Being a journalist is not just about interviewing a talent and publishing whatever they say, it’s about using instinct, as well as the tools of verification to determine the authentication and credibility of their talents statements.
A talent may be hiding their own agenda, be bending the truth or have their own bias (this is called a self interested source rather than an independent one). That is why it is the journalist’s job to find out whether the source is a credible one as well as having a range of sources to avoid a bias article.
The source(s) a journalist uses determines the reliability and credibility of the story.
So how can you tell if a source is credible?
The key features that make a source credible are the same for any type of story published on any medium, whether it be broadcast, online or in newspapers and magazines.
There are three defining factors that contribute to a news story’s reliability:
Verification is the process that is used to check a story’s credibility and reliability.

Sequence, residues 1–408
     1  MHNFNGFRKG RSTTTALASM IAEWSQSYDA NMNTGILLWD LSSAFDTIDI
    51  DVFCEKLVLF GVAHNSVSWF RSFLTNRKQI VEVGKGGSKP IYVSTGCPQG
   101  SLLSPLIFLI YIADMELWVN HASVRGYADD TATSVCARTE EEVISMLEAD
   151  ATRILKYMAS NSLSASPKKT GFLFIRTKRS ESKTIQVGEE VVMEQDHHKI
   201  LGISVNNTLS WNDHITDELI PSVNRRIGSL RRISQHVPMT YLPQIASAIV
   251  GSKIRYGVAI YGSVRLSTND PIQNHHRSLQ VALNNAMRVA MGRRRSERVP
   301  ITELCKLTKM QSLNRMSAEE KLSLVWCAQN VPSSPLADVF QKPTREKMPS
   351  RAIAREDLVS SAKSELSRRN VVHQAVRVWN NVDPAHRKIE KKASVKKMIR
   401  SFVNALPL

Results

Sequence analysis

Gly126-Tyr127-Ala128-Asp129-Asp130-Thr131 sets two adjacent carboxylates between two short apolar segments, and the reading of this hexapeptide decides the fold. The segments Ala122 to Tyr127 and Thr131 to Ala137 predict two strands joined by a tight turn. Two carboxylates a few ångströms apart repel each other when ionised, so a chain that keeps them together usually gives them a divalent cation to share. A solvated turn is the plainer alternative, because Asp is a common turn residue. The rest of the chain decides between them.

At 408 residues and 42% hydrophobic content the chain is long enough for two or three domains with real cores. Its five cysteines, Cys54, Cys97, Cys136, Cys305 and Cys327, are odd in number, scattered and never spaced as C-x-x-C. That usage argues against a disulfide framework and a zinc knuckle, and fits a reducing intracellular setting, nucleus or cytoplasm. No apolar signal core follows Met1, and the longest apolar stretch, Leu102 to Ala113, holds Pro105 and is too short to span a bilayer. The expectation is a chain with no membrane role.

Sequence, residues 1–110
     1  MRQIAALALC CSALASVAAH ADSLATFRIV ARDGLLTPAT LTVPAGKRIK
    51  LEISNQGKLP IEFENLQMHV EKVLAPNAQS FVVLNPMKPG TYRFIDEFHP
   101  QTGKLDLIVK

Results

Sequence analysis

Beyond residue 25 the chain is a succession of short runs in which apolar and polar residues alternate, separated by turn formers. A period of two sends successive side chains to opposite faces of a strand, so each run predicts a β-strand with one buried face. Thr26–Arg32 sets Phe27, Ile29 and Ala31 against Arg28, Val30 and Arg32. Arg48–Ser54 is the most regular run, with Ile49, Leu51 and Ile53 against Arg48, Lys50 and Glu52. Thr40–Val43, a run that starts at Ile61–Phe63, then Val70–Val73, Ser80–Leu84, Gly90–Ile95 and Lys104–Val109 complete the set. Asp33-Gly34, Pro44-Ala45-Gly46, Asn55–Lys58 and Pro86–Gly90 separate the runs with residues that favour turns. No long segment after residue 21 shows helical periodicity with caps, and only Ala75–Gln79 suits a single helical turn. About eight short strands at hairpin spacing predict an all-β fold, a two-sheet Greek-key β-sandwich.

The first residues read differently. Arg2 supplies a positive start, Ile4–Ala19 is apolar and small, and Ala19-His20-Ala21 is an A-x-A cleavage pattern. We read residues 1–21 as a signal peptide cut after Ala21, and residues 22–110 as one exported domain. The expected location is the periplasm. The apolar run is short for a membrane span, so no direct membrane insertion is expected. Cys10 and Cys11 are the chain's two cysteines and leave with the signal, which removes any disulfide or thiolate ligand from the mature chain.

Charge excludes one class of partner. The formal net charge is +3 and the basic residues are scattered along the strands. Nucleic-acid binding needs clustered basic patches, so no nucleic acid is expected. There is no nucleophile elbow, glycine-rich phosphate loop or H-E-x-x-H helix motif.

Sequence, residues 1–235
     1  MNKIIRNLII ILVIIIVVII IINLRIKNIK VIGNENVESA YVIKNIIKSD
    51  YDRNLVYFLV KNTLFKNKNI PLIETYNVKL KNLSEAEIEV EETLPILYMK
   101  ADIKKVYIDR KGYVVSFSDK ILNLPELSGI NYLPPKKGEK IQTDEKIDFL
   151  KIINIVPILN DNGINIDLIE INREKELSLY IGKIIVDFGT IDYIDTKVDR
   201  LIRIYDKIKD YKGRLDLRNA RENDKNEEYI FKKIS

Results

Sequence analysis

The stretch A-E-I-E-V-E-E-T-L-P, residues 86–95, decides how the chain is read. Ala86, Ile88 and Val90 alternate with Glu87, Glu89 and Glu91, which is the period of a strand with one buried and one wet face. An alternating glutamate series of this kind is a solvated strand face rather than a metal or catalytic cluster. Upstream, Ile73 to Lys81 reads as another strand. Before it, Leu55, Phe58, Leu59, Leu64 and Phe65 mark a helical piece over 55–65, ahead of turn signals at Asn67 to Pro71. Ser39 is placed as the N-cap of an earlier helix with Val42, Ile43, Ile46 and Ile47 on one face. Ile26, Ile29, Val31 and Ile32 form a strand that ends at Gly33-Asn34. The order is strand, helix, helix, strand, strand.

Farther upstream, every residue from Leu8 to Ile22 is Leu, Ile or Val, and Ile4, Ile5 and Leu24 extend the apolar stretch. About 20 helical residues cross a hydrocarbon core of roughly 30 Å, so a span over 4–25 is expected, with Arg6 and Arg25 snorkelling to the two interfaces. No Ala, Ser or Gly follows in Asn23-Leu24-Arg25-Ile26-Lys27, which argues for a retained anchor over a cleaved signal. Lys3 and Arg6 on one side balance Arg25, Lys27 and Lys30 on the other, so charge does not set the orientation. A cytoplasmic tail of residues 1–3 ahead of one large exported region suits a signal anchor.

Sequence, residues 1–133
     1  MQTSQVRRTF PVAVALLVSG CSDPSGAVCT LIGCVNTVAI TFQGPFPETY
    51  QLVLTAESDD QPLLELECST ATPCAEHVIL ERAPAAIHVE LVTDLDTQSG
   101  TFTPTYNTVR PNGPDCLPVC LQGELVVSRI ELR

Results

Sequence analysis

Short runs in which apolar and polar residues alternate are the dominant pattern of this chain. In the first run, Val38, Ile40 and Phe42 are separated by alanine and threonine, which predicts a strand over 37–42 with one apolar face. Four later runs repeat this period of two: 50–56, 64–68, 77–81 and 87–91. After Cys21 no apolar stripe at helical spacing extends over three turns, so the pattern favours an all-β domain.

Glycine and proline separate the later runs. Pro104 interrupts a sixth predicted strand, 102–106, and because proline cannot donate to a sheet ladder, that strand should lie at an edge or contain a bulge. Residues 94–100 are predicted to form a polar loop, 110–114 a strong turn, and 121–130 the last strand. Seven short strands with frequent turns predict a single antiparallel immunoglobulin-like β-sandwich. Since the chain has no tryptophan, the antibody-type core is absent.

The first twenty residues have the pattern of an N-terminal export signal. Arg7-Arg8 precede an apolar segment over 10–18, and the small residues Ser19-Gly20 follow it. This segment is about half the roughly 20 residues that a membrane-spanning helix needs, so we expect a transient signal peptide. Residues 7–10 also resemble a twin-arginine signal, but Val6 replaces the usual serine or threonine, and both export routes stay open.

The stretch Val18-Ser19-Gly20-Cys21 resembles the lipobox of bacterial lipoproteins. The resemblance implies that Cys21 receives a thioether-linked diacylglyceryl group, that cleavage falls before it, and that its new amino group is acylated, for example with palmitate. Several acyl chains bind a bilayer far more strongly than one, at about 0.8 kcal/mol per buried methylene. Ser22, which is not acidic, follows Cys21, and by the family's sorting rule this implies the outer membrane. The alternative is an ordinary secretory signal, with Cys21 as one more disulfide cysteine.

When analysing a talents credibility, the journalist should ask themselves whether the talent is a legitimate inclusion in the story. Do they have firsthand knowledge or are they providing second or third hand information? Is the talent willing to be named or do they want to be anonymous? Wanting to remain anonymous can raise red flags in the scale of credibility of their statements. What kind of language is the talent using, do they mostly start their sentences with ‘I think’? If so, it’s an assertive way to speak rather than a verified one and should be monitored.
In conclusion, a credible source is someone who (most of the time) has witnessed an event firsthand, who uses verified language and who has qualifications or a background in what they are discussing. If a talent does not have these key elements then they are not a 100% reliable and credible source. The journalist should then consult an expert to get a second hand opinion or do more research to verify that what they are printing is the truth. It’s a journalist’s responsibility to seek and print the truth to the best of their knowledge.
The Center for News Literacy 2009
The University of Southern Queensland, ‘News Literacy’ Course.